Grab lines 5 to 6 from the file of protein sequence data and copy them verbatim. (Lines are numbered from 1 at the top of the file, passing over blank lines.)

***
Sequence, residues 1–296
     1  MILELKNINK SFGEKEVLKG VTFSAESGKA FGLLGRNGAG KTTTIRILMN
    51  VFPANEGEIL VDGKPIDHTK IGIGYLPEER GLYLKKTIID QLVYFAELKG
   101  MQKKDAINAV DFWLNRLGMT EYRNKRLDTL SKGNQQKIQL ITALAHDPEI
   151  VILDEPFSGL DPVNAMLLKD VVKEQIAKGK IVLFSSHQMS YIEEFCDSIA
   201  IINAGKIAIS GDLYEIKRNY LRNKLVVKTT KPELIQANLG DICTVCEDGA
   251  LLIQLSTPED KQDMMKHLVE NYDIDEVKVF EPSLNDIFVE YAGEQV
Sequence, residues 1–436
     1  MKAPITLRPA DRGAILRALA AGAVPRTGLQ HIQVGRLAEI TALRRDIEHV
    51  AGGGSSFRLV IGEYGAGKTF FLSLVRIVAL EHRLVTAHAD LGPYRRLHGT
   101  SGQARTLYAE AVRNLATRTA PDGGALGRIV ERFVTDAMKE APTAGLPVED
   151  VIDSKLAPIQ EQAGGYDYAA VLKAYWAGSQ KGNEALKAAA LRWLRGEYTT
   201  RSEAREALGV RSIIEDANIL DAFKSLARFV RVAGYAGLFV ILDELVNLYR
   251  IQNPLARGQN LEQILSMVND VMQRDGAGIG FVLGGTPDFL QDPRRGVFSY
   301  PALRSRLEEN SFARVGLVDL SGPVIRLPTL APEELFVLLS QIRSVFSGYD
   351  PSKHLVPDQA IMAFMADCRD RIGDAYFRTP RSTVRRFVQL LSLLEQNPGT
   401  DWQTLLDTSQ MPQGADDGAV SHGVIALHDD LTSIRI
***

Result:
   151  VILDEPFSGL DPVNAMLLKD VVKEQIAKGK IVLFSSHQMS YIEEFCDSIA
   201  IINAGKIAIS GDLYEIKRNY LRNKLVVKTT KPELIQANLG DICTVCEDGA